Tell us about yourself
I always knew I wanted to go into the Fashion or Creative Industry ever since I started secondary school. I have a background in both Textiles and Art, which I did both at GSCE and A level before pursuing a degree In Fashion & Textiles.
One thing that really inspires me is the use of different and unconventional materials, such as old technology which I used in my final project at university. I have always been attracted to strange materials as such.
As a Designer of graduating class 2020, what do you see as the challenges and opportunities to the future of your career?
As a graduating designer of 2020 there are both challenges and opportunities in the upcoming months. I made the decision to stay on and do a masters at university to help broaden my skills and open up new opposites and experiences before I enter the Creative Industry.
Your latest collection Electric Gold sparked our attention for your incorporation of old technology and use of recycled materials. What was your inspiration for this and why did you choose to focus on Retro?
My collection is a celebration of retro 1980s technology. I used unique, unlikely materials repurposed for this collection, along with recycled rich velvets and tightly woven denims which are heavily associated with this era and bring with them a nostalgic quality. The combination of metallic foils, bold bright vinyl prints and EL wire lights bring a modern twist to the garments. Silhouettes taken from the 80s, such as the classic high-necked shell suit and wide legged flares alongside oversized sleeves and recycled computer parts adding personality to the collection. The colour palette relies heavily on the fact that ALL fabric is recycled; resulting in mix-matched colour juxtapositions, a combination of rich reds, deep blues, subtle pinks and contrasting bottle greens. The main fabrics are closely accompanied by colours associated with circuit boards, also present as highlight colours. The garments are carefree and fun, reflecting the positivity of the 1980s through the use of carefully misplaced and layered foil and vinyl prints, representing the complexity of circuit boards.
I leaned towards using recycled cassette tapes and CDs in my work as I believe music is one of the biggest medias that can bring everyone together and unite us as one. Sustainability is also an important focus in the industry, hence why all the denim and velvet used was up-cycled from old garments. I enjoy working with unconventional materials which is why I added the old technology, computer parts, floppy disks, cassette tapes and CDs to give my collection an interesting and exciting twist.
There are coloured EL wires running through some of the garment’s seams (on the flares on outfit one, the 3D sleeved jacket one outfit two and the plastic half belt skirt on outfit three). These have also been programmed to flash, in order to draw attention to the garments as well as incorporate the 80s disco feel to the collection. The shape and colour of these lights were taken from arcades, which I used as my location shoot for my final looks.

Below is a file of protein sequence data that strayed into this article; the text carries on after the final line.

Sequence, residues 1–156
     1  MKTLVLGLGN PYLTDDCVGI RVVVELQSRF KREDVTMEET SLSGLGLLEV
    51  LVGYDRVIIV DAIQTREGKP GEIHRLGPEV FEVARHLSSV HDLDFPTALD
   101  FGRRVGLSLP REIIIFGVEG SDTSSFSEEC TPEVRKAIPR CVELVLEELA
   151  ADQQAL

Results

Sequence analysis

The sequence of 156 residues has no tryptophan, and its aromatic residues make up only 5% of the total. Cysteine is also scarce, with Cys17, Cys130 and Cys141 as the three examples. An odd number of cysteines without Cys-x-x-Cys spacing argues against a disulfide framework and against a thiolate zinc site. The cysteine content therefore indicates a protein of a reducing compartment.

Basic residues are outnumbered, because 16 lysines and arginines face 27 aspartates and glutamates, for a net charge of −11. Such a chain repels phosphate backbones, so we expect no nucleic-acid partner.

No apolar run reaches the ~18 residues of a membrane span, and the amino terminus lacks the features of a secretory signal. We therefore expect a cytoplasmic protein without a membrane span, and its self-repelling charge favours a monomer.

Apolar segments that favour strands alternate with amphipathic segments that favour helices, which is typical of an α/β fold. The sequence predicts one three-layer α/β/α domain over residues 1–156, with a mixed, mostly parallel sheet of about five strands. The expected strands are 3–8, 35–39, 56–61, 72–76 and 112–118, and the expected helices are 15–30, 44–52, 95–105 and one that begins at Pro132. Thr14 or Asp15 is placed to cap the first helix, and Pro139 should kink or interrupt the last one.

When coming up with a name for my collection I wanted something a little different. The name of my collection “Electric Gold” is actually the meaning behind my first and middle name: Quanta, meaning energy, movement and electricity and Aurelia, meaning golden. I did this as I wanted my collection to be personal to me and having a unique name made me think it was a nice way to add this touch, while remaining relevant to my collection (electric linked to the old technology and lights and gold linked to the foil I used as my textiles prints).
Some of the unlikely materials you have used in Electric Gold would be consider "un-sustainable" for example CDs, Cassettes and Wires. Hence you face the challenge between a sustainable garment in its production process and unsustainable in its execution.
All the unlikely materials were purchased from charity shops or given to me directly by people who were simply going to throw them out. These technologies aren’t used as much today as they have been in the past and people are looking to get rid of them, so instead of sending them to a landfill I decided to use the ones I managed to get a hold of in my work. I was even given part of an old computer which I ended up using almost every single part of, the inside circuit boards where trapped between old CD pockets and bigger metal pieces I bent into shoulder shapes and covered them in zip ties for look 2.
Would you say your approach is a conceptual design where you challenge the use of unconventional materials, or are they wearable? And if they are wearable, how does the use of unlikely materials affect the usability of your pieces?
We are always told we need to stand out if we want to make It In this industry, so why not go crazy with materials you use to create something so different It cannot be Ignored.
Will recycled materials always be core to your brand? If so, how do you imagine you'll source materials? What about stores - will you have physical stores, or will you be a digital brand?
I want my garments to have a meaning behind it so anything that I do produce will most likely be one off pieces.
Before corona kicked off and we still had access to our universities facilities I was planning on incorporating virtual reality technology in my work. I wanted to create a fashion film to showcase my work which would have been made on VR to give the viewer a more exciting, interesting and modern experience on how we view clothes. I managed to play around with it a bit before, but this is something I may look at using more in my master’s course as I believe the future of fashion is technology.